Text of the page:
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132 Polar Explorers, pt. 1: The Woman Who Tamed The Arctic

25 . 05 . 2021


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POLAR NEWSREEL 20-24°C hotter than average but truly mind-boggling for this time of year, a ferocious heatwave has reached large parts of the Russian Arctic with +30°C (86.5°F). The workhorse of Antarctic field operations, the Twin Otter DHC-6, had its 1st flight 56 yrs ago in 1965 - Happy Birthday! Global warming has unlocked hundreds of Viking artifacts from the ice of the Norwegian mountains in recent years. The new heavyweight champion in the league of icebergs is A-76, a hunk of ice that measures 1,670 square miles (4,320 square kilometers) and broke of the Ronne Ice Shelf on May 13. An a new study shows that those giant icebergs may be playing a larger role in carbon sequestration and Earth’s global carbon cycle than previously thought.

THE WOMAN WHO TAMED THE ARCTIC The first part of the Polar Explorers mini series introduces the woman who tamed the Arctic. As a true explorer, Louise Arner Boyd has contributed greatly to our understanding of the Arctic today, particularly our understanding of the coasts of Greenland.

Born in 1887 into a wealthy family in San Rafael, California, her intense interest in the Arctic grew after the first sight of the pack ice while touring Svalbard in her late thirties. Boyd would dedicate the rest of her life and fortune to learning more about the Arctic through science and the lens of her camera.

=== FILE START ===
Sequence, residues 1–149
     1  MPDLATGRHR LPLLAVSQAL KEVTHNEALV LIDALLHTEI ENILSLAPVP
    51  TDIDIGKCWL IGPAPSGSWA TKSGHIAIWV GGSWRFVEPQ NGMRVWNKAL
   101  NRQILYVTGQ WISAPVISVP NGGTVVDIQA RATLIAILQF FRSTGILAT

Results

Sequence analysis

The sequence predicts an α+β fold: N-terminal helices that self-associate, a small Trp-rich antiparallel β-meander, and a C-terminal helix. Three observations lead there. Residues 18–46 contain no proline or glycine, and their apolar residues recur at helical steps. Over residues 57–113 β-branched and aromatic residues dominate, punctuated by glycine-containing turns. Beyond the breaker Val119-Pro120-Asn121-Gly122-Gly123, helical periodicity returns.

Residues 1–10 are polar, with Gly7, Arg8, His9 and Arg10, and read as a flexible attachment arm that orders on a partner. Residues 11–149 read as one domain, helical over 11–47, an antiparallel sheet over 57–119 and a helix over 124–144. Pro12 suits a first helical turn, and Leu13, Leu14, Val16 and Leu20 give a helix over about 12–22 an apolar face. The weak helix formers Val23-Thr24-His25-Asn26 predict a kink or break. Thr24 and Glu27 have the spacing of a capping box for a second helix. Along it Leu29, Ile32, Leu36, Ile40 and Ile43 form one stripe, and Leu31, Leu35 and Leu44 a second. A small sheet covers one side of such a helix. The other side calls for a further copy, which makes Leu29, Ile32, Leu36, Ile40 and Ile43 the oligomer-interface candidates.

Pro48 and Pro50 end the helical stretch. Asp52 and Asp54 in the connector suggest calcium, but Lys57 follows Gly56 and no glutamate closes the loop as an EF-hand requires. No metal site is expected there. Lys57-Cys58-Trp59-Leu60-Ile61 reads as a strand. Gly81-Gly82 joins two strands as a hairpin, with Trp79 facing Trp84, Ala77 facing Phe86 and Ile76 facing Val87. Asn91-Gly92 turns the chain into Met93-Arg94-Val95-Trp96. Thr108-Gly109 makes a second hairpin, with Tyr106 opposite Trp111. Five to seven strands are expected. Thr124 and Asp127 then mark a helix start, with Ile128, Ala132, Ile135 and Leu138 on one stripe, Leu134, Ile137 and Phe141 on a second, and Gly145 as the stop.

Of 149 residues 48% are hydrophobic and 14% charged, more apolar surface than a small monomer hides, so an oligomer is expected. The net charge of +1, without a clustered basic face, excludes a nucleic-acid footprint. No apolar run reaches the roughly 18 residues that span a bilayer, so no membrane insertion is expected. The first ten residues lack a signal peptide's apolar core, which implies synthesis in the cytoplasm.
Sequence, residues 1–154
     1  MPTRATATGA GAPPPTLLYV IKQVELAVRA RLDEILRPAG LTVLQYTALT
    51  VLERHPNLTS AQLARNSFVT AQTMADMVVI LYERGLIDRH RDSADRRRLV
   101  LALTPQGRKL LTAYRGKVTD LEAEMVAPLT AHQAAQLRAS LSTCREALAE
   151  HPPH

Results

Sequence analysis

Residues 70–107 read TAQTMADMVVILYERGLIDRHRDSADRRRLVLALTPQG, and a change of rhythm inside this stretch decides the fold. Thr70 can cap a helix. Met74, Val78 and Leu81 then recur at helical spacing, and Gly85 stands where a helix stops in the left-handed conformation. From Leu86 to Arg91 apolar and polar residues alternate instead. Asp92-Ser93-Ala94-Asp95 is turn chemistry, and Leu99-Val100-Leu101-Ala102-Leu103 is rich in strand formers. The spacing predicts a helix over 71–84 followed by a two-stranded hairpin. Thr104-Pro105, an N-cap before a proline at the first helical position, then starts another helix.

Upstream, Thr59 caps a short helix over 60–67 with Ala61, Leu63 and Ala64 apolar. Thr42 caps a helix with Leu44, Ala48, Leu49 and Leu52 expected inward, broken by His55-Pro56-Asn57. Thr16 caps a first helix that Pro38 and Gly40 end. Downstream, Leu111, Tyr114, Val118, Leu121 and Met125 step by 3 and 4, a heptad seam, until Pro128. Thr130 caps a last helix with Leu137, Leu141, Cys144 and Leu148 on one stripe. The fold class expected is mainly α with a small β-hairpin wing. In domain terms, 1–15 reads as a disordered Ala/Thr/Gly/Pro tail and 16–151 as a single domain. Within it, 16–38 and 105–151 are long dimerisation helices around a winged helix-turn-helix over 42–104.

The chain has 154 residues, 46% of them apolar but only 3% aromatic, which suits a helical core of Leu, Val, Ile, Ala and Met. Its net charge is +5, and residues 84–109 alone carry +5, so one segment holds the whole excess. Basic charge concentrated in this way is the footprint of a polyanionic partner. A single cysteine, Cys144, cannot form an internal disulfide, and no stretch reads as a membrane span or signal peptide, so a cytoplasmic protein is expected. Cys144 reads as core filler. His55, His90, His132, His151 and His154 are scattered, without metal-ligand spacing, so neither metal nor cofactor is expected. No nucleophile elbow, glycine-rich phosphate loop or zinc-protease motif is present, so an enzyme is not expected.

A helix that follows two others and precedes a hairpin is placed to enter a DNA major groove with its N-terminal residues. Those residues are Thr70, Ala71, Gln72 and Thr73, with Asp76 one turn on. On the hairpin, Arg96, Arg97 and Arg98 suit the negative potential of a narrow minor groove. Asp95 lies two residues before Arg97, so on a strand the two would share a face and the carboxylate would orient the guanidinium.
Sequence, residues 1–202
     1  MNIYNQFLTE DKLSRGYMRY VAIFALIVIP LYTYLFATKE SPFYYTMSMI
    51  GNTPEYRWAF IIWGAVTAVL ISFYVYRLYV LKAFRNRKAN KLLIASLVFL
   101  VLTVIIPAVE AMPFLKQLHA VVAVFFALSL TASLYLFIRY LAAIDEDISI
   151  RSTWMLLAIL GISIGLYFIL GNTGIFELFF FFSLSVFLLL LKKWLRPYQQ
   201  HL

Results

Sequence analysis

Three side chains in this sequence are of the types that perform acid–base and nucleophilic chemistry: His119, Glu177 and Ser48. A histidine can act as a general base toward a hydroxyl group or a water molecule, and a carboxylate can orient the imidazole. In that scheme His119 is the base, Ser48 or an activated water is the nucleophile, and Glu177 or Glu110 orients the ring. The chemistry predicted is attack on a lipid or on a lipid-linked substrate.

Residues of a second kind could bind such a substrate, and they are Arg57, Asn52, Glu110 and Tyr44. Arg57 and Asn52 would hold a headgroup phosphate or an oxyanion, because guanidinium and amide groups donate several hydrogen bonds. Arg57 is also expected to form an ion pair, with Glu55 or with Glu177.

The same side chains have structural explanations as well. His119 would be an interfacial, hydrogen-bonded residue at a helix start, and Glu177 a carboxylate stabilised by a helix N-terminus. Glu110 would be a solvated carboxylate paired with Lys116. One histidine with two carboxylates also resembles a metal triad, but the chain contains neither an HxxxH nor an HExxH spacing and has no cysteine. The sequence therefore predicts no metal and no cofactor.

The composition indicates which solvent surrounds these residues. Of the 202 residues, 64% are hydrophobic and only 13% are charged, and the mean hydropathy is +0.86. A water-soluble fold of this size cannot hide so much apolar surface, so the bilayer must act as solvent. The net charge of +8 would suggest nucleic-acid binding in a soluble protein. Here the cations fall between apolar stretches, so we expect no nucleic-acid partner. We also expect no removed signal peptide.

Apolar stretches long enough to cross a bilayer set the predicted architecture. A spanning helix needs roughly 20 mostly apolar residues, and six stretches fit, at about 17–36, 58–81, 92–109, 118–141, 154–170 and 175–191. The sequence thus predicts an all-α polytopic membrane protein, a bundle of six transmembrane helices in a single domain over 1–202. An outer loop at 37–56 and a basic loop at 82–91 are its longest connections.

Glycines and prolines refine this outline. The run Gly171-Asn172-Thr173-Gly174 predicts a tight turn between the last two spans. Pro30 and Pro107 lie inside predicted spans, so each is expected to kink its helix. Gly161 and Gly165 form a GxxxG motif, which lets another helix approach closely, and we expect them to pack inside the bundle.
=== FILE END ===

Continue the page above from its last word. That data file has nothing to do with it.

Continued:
Louise Arner Boyd led seven self-financed Arctic expeditions, published three books of photographs through the American Geographical Society, chartered the first private flyover of the North Pole, and was honoured with numerous awards and medals from myriad organisations and governments.

Boyd's 1931 and 1933 expeditions to the northeast coast of Greenland provided the basis for her book The Fiord Region of East Greenland, which included 350 photographs. For these trips, Boyd chartered the Veslekari, a large ship, and brought along surveyors, geologists, and botanists. Boyd served as leader of the expedition and the only photographer, having invested in some very high-end equipment and learned the principles of photogrammetry, the science of taking and interpreting photographs to create models or maps. Her excellent photographs led to the accurate mapping of a remote area of eastern Greenland that was relatively unknown. Subsequently, Denmark named this area “Louise Boyd Land."

This is an episode of the Curiously Polar podcast

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